3. Aw, Leslie, it won’t be as bad as you think, nor will it be as clean and neat as you think! My late husband and I found our empty nest to be wonderful. We cherished the quiet and the uninterrupted time together. We welcomed our girls home when they came to visit, for sure, and there might have been some tears when they would head back to their own places or to school, but it was all good.

    I’ve lived alone since my husband’s death six years ago, and there’s really only one day every two weeks when my house looks as clean. neat and perfect as I like-the day the cleaning ladies come! I think the messiness we had when the kids were growing up at home came from me!

    When your younger son heads off to college you might feel like you’ve been laid off from a job you’ve loved for 20 some odd years. A job you’ve poured your heart into. You may flounder a bit until the Lord shows you where He wants you to use all you’ve learned as a Mom in new experiences. But you will find those things. And if you are like most of my friends who have found themselves with an empty nest, you will still find that there will be plenty of mothering opportunities with your boys and times when your house is full of noise and messes!

    And I am totally jealous of your playhouse!

  4. Welcome soon to “empty nest syndrome !” Yes, it all sounds familiar and what a shock when you miss all of the above. But, there will be other joys to come, weddings and hmmm, sit down, grands. You’ll get use to the idea and it will be fine. Children grow up way to fast!

  5. Leslie Anne, Imalways wanted a play house. But now, that we have a granddaughter, maybe I can! We cried so much when we our son left for college and even more when he married. But it is the natural order and when you think of the alternative (they live with you forever), it really is ok!

  6. Home sweet “perfect’ Home….I know the sense of dread you feel, but trust me as I am on the other side of grown and flown sons, I am finding that while I miss the laughter, chaos, and busy-ness of a young family, I stand in awe of the men they have become and their happiness…also, it is pretty nice when I leave an empty kitchen sink in the morning and the sink is still empty when I come home…no more yelling up the steps, “You realize you had to pass the dishwasher to put the glass, plate, spoon, half-full cereal bowl, spatula, etc…in the sink.”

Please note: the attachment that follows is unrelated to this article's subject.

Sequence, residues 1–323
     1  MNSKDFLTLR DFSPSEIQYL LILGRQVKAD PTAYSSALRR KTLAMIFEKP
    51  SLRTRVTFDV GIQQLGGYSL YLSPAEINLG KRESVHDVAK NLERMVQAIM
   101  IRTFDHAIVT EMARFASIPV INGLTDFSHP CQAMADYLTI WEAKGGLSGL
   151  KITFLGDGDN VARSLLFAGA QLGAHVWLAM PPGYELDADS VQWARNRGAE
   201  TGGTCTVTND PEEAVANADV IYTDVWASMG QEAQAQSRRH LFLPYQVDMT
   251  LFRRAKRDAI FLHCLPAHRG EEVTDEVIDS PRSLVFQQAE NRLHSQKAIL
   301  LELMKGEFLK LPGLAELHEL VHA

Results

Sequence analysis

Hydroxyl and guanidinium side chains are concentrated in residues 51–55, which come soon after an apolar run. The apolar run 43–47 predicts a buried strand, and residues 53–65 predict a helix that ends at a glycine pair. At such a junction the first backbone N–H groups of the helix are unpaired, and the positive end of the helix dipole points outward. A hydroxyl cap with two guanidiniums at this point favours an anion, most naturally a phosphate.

My home is still not magazine perfect, but I am happy as well.

    1. Ha! So mine aren’t the only ones who can never find the dishwasher! I totally agree with you that if you know your children are happy and well-adjusted, it makes transitions much easier. And knowing their dorm rooms and apartments have dirty dishes in the sink while mine is clean is going to be fun!

  7. I think we all continue to play house when we’re grown and with a house of our own. And I guess we’re really fortunate to be able to when some of the world isn’t able to. Empty nest phase is such a mixture of sadness with enjoyment but it does take some adjusting to. I’m one of those women who sees a young family at church or out shopping and when I see some impatience of parents towards a little misbehavior I want to tap them on the shoulder and say, Please, enjoy them while they’re young because they grow up so quickly. But I don’t do that because that would really be a crazy old woman, wouldn’t it?

    1. You are so right, and even though I’ve always focused on having everything tidy, I did remember everyone telling me to enjoy them while they were little. We had so much fun playing and doing little-boy kinds of things, that I’m not so sad they are older now. I just wish they’d stay around a while.

  8. I’m sure you’ve heard me say this before but one of the great surprises about being a parent is that we work so hard to teach our children to become independent then dang if they don’t go off and become all independent leaving us with tidy and way too quiet homes.